Today we have a review of a durable, water-resistant, infrared, all in one and battery powered outdoor surveillance recording system. It's called the Swann OutbackCam (SWVID-OBC5MP) and is reasonably priced at around the £74 on Amazon within the UK and for the USA price check our links at the bottom of the review. So we've been testing it out over the past two weeks. It's designed to keep a firm eye on locations the user sets it up within when they're not there. How good is it? Keep on reading.
Rugged the OutbackCam definitely is. Constructed from a thick plastic that can easily withstand some serious drops and bumps from the outdoors. We left ours out in mild rain and heavy winds and the camera held up brilliantly. The exterior plastic body is black, a colour that is definitely discretely hidden from preying eyes within the night but during the day a little more creativity is needed when choosing a placement.
The front of the camera sits a motion sensor, below this is the lens and then below this is an IR sensor. The camera is very easy to open and close. Two clasp locks are situated on the right hand side. Of course some individuals will require greater security than this, so a padlock loop is inbuilt too. Moving around to the back of the unit we find a buckle strap that allows easy and quick adjustment of the tightness. Ideal for mounting the camera onto a tree, fence post, drain pipe and other similar shaped objects. Also supplied for mounting is a tripod screw located on the bottom.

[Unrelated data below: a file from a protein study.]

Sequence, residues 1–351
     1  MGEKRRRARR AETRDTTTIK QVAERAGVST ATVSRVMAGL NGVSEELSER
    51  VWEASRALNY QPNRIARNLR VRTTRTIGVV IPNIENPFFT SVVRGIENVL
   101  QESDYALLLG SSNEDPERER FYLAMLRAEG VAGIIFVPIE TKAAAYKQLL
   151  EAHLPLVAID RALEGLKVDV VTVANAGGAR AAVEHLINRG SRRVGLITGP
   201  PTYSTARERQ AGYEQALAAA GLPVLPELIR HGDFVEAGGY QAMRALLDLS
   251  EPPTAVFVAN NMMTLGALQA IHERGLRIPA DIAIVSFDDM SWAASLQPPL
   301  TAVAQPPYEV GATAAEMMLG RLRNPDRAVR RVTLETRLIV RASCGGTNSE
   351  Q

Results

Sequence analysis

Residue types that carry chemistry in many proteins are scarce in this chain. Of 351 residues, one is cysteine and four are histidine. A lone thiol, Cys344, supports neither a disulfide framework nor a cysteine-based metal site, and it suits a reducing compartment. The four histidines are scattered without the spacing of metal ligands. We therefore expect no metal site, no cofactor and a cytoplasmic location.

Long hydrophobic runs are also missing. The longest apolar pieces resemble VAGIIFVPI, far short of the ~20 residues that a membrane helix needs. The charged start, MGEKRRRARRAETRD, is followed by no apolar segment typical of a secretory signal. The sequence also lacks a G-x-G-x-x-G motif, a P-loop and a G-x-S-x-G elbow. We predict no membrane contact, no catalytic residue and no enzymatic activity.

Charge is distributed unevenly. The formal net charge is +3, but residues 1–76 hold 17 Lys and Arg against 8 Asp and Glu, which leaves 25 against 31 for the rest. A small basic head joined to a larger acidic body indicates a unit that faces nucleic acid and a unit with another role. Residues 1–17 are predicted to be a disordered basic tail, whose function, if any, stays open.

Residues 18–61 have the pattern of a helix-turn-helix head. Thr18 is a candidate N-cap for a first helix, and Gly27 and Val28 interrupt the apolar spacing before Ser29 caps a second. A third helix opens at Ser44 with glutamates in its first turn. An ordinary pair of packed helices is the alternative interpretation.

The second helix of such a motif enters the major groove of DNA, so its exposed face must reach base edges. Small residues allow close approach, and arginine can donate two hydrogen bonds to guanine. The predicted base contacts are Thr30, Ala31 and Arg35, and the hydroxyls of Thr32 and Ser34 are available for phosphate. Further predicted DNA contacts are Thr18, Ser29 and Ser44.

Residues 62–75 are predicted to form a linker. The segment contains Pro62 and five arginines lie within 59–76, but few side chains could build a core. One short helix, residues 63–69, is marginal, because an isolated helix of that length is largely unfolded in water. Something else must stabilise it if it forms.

All digital setting up and function is hidden away inside the OutbackCam. This is where we can get into the nitty gritty of the device. Setting up time, date, capture quality, mode of capturing which include taking one or three still photos or video and whether you'd like to use Passive Infrared (PIR), essentially the sensor to trigger capturing or instead set a timer or configure a time lapse. Quite a lot of functionality is here which we were delighted to see but using the menu via the numerical non backlit (it's a pain in the dark) screen and three buttons will require a read of the manual, something not overly required nowadays and especially rare for us. The UI was very basic but it got the job done. The on and off switch is also placed on the inside, slightly annoying but we understand why from a security stand point.